The right to protest is a fundamental human right guaranteed by the U.S. Constitution and the First Amendment.

Know Your Rights: Demonstrations in D.C. >>

The following are basic tips to protect your privacy before, during, and after a protest. Protecting your privacy will help keep yourself, your information, and other protesters safe, as well as get your message out. 

  • Fully encrypt the data on your phone. If your device is confiscated by police, or if it is lost or stolen, full-disk encryption can help protect the information on your phone.
  • Disable face and fingerprint recognition. Disabling both face and fingerprint recognition make it more difficult for officers to physically force you to unlock your device with your face or fingerprint and see information about yourself, your family, and the people that you care about.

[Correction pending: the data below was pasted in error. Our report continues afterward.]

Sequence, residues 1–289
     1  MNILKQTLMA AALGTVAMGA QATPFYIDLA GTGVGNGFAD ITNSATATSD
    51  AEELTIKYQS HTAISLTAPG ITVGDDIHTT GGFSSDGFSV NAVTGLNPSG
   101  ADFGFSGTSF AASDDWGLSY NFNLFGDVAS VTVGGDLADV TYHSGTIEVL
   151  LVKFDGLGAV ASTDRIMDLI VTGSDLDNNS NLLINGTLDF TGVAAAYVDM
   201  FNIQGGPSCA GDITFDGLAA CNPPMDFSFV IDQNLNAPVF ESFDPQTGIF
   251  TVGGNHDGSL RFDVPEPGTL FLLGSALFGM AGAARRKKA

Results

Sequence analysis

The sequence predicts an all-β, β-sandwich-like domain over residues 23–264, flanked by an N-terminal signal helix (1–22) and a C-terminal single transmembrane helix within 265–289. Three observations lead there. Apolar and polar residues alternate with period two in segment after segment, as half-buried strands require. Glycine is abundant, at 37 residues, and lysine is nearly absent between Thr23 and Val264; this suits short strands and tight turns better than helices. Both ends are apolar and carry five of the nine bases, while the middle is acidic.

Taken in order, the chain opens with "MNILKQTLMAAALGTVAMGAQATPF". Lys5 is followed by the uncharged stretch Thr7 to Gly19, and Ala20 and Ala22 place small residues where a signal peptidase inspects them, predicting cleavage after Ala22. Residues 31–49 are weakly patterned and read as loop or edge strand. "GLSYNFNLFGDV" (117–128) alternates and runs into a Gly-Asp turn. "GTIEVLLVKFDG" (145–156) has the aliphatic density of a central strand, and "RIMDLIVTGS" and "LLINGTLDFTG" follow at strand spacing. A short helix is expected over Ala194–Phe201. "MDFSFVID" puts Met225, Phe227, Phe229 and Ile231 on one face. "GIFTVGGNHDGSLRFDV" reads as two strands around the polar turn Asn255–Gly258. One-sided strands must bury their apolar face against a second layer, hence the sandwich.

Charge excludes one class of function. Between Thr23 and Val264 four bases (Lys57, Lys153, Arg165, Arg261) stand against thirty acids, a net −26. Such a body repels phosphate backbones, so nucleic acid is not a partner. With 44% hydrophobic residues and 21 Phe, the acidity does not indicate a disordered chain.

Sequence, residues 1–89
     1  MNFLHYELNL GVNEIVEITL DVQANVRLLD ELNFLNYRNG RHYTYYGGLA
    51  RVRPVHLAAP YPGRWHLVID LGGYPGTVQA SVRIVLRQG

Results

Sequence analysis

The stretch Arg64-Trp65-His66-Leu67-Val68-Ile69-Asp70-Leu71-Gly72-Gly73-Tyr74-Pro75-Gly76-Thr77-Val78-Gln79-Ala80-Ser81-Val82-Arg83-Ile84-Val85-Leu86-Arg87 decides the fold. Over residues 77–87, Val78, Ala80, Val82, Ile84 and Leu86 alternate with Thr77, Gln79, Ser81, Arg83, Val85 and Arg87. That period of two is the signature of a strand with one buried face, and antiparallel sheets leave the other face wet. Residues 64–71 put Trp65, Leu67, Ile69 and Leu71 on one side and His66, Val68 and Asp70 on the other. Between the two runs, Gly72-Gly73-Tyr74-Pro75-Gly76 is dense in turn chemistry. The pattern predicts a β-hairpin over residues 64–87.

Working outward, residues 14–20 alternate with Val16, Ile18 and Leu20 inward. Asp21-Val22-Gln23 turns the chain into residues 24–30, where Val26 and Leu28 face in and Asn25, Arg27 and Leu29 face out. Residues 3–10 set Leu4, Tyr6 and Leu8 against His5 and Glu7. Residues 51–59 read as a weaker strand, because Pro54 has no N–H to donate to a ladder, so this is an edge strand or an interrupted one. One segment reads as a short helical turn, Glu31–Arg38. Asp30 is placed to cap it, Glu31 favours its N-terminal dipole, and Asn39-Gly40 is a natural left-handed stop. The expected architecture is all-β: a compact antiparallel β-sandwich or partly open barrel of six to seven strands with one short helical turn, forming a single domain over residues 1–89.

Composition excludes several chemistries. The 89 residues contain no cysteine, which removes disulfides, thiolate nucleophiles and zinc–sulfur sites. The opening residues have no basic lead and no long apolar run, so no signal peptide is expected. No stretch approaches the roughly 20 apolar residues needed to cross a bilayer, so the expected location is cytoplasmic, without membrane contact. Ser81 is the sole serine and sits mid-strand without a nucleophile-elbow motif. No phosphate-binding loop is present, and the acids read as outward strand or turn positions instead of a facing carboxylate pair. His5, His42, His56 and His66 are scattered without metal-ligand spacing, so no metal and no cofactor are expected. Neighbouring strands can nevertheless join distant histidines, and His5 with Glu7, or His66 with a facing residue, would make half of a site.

• Put your phone on airplane mode. Enabling airplane mode when you are not communicating reduces the amount of radio signals your device transmits while you are protesting and limits  your location from being tracked.
  • Wear a face mask + sunglasses. Face masks and sunglasses not only protect against COVID-19, they also make it more difficult for police to identify you using facial recognition technology. 
  • Leave your car at home. Police use automated license plate readers to track protestors. If you can, ride a bicycle or walk to the protest to prevent your license plate being tracked. 
  • Be mindful of posting photos and videos of other protesters. If you post photos or videos online where protesters’ faces, tattoos, or unique clothing are identifiable, police may track down, arrest, or harass those protesters. Blur faces and these identifiers before posting online. If live-streaming, avoid capturing people's faces.
  • Scrub metadata from your photos. Metadata allow police to figure out the exact time and location a photo was taken, the model of the device the photo was taken on, and even your name. Transfer the photo to your computer and take a screenshot. Post the screenshot, not the original photo. 
  • Back up your data. If the police take away your phone, you may not get it back easily. Back up your data regularly and store that backup in a safe place.